Geneva, in the minds of the CDN team, has always been a show where concepts rose to the fore. Of course, this is an important show for production debuts historically too, but it’s always been about great concepts – particularly when we turn to the likes of Renault, BMW and of course, the Carozzeria. This year, concepts – new, truly impressive concepts – are notable by their absence. But there’s a wealth of new production cars here. Three in particular stand out.
First – and perhaps most surprisingly – is the Volvo V40. The consensus on this car from most, seems to be that – in photos – they didn’t like it much. Yet in the metal it feels well judged for its market. It’s perhaps flattered by the A-class, which slightly underwhelms. Most importantly, it feels premium but genuinely ‘Volvo’ in quality. We particularly like the gauge pack.
Next is the Peugeot 208. It’s a real sign of Peugeot on the up and we’d put money on it being a massive sales hit (which the brand really needs). Many people think that the exterior is somewhat busy, but it’s a great improvement over the last generation 207 (and other guppy-mouthed Peugeots). But the real innovation’s on the inside. Where Peugeot’s extensive user research and determination to do something not only new – but better – really shines through.
And completing the triumvirate is the new Porsche Boxster. Evolutionary? Sure. Conceptually new? Of course not. But a beautifully judged, refined piece of design that moves the game on further than other recent ‘new’ Porsches? Yes. This design endows the car with a distinction of its own. That fails to come across in pictures, but it’s well judged and side-by-side with the 911 doesn’t feel as similar as it might first appear. The interior does borrow much from the 911 though – and is therefore a massive step up in quality. Easy to walk past and dismiss as ‘just another evolutionary Porsche’, it’s worth lingering longer over this Boxster.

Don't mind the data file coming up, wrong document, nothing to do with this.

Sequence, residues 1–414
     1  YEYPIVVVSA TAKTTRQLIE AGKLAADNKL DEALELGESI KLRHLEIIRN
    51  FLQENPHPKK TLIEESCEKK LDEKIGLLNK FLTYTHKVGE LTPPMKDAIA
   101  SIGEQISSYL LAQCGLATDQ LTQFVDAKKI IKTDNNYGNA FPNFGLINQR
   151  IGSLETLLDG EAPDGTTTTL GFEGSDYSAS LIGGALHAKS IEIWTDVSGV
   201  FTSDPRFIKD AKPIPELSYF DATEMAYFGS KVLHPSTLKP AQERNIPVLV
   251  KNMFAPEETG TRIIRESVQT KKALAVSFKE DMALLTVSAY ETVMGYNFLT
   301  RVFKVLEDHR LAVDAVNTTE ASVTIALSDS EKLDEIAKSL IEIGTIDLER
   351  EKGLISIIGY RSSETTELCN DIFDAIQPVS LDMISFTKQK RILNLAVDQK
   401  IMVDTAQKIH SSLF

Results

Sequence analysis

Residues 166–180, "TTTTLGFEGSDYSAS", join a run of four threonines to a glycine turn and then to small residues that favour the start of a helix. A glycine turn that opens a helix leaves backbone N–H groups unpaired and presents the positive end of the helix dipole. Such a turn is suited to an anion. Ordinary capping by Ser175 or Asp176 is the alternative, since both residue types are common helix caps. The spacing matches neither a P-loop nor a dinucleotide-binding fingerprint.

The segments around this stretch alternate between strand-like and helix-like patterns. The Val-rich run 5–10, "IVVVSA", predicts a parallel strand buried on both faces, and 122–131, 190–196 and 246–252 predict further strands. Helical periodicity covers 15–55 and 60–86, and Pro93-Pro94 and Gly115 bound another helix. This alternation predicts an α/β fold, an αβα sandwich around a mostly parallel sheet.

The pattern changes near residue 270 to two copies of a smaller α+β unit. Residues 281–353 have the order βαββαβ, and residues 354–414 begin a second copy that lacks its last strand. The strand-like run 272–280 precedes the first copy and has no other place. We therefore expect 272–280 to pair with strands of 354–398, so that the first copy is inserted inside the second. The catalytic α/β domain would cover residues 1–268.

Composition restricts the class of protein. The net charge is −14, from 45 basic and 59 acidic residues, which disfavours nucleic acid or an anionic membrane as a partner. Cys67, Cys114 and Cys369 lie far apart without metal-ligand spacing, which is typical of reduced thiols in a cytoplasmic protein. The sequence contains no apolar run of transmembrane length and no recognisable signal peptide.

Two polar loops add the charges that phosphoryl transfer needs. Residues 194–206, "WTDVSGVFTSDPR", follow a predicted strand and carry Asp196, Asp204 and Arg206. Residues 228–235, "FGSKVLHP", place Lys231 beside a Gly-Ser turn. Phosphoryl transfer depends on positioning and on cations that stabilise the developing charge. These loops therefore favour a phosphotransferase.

Posted by Joe Simpson
The Minagi concept is the last vehicle to have been created under the direction of Laurens van den Acker, though Mazda’s new design boss, Ikuo Maeda, has also made his mark on the design.
Very near production ready, the five door crossover features a Z- shaped character line on the bodyside as well as a new front and rear end design, which incorporate many of the design elements first seen on the Shinari concept last year.
The concept’s interior is perhaps the most appealing. With a clear sports theme – again reminiscent of the interior design of the Shinari – the detailing is both elegant and technical.
Rich black leather and contrasting red stitching on the seats and IP combine with swathes of chrome and recessed lighting throughout the cabin, while transparent glass elements (through which the HVAC system is operated) adorn the center console.
Maeda’s sports car experience and enthusiasm for racing is showing through in this new crossover.
The HSD concept previews the design direction for the next generation Yaris, but there’s nothing groundbreaking here…
Showcasing Toyota’s proprietary hybrid technology in a B-segment package, the monovolume exterior design features some hybrid-specific styling cues previously seen on the Prius and Lexus RX450h. These visual identifiers include the LED headlamps and taillamps and blue Toyota badges.
Within compact exterior dimensions is a ‘spacious practical interior’, Toyota claims. We would have liked to see this for ourselves, but the blacked-out windows of the show car demonstrate that it’s not yet been finished.
As it seeks to cast its metaphorical net wider than its traditional home of the US, the Infiniti stand (notable for being as physically far way from Nissan’s as possible) held host to the Etherea concept.
While all previous Inifiniti designs have followed the ‘premium’ convention in terms of format (think SUVs and rear-drive sedans) the monovolume Etherea is resolutely front-wheel drive – the traditional antithesis of ‘premium’.
And how refreshing it is to see the brand pluck up the confidence to plough its own furrow; offer a point of difference.
Some feel its execution overwrought, yet while its surfacing is dramatic – particularly its hood-to-fender transition – it manages to hang together in a relaxed, non-aggressive gait.